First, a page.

Nor can that authority be found to have been granted by chapter 77 of the Laws of 1952. We are not unwilling to note the quoted statement of purpose, but it cannot serve to read into the statute something which is not there. The act is a mere repealer. We cannot assume that the legislators who voted for it were motivated by the recitals in the statement. On the contrary they, or some of them, may have disapproved the prior statutory regulation of hours of delivery. Nor can the repealer be deemed to constitute a legislative interpretation of the scope of the
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power delegated by the Milk Control Act of 1941, both for the reason just given and for the further reason that the interpretation of a statute is exclusively a matter for the judiciary.
Can there be a legally efficient relationship between hours of delivery and the statutory objective described above? We cannot answer this question categorically. Much would depend upon the facts in any given situation. Several considerations are advanced in the briefs in support of the regulation beyond the consideration discussed at length above. But the record presented as to them fails to provide any substantial legal justification for the measure. In any event, had the agency grounded its regulation upon those further considerations, the issue might have more vitality, but we have no way of knowing that the agency would regard any of them as sufficient for the exercise of its claimed authority. It is true, as stated above, that the reasonableness of a regulation is presumed if within the scope of the delegated power. Yet, when a regulation on its face shows that it was made in pursuit of a purpose not authorized, (see Welsh Farms, Inc. v. Bergsma , 16 N.J. Super. 295, 306 (App. Div. 1951)), to wit, to resolve a source of difference between employer and employee with respect to hours of work by making standard within the mentioned marketing areas that practice upon which a part of the industry has agreed by labor contracts, it would carry the presumption too far to presume that the agency was prompted by factors which might establish a power to act, that is, the existence of a proper basis between the means and the statutory objective, and perhaps thus to sustain the regulation upon a basis which the agency itself might have rejected. Moreover, the issue ultimately is one of jurisdiction to act, rather than the reasonableness of action taken within an established jurisdiction, and it is at least doubtful that resort may be had to a presumption to resolve that jurisdictional question. Cf. 42 Am. Jur., Public Administrative Law, sec. 240, p. 680.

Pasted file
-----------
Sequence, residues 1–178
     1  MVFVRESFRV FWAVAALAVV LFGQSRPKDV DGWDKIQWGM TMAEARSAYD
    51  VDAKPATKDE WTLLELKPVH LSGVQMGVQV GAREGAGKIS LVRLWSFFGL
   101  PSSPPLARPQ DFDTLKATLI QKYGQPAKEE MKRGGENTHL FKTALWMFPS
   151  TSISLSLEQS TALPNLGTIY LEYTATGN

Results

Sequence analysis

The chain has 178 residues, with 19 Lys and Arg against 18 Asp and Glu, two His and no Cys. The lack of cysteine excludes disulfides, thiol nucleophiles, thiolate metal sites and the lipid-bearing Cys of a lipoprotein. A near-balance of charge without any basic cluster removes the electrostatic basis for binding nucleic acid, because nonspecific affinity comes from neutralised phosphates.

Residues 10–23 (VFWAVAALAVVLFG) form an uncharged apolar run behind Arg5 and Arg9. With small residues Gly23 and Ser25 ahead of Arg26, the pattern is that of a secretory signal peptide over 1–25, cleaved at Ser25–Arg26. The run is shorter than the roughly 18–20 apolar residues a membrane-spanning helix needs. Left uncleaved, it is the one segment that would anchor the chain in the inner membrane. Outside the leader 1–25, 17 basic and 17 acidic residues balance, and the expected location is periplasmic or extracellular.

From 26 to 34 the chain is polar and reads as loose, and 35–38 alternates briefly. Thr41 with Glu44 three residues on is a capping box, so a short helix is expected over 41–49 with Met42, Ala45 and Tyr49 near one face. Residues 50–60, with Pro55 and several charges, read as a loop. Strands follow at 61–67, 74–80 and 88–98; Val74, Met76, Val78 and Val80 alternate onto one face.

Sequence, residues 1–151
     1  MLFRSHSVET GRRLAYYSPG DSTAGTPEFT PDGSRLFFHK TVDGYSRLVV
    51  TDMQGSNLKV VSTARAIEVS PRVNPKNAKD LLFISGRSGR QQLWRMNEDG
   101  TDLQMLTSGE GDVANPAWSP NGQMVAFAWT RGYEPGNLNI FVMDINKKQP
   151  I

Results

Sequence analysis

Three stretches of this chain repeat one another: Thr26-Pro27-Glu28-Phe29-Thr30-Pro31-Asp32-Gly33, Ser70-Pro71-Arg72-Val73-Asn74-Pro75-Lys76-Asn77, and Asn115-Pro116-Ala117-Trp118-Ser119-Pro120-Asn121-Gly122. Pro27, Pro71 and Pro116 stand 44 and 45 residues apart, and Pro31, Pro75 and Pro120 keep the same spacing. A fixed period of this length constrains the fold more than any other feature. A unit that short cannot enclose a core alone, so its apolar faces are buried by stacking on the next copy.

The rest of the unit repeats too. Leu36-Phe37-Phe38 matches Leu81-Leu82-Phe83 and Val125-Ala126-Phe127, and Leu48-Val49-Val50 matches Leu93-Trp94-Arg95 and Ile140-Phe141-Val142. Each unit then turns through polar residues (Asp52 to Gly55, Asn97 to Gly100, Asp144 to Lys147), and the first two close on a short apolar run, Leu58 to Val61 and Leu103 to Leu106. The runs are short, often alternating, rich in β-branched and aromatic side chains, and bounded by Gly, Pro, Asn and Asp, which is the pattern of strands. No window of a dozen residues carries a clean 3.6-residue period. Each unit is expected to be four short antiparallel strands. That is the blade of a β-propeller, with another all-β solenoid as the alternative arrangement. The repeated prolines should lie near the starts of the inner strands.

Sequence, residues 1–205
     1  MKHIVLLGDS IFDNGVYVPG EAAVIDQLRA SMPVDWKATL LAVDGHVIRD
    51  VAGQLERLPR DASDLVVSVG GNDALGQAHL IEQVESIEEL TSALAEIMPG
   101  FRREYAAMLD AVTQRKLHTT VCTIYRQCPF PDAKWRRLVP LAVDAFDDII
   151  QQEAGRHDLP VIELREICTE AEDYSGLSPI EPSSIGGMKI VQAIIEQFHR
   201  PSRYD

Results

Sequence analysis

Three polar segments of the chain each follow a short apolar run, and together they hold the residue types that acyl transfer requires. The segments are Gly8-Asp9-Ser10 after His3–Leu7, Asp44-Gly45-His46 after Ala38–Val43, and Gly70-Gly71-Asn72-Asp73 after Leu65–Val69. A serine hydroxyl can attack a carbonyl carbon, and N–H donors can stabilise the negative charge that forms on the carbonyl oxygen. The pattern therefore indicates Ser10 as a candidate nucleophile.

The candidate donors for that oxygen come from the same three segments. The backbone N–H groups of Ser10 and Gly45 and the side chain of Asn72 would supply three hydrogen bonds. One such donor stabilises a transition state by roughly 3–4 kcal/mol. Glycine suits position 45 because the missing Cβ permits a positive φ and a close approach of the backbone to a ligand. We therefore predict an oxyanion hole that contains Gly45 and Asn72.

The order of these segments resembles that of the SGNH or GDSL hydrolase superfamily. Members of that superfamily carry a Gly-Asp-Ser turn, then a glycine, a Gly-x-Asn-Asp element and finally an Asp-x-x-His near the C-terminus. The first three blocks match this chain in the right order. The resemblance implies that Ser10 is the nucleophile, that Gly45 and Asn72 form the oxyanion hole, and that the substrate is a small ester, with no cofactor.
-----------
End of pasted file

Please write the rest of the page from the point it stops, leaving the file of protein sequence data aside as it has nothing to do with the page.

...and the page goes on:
The regulation is invalid. The judgment is reversed.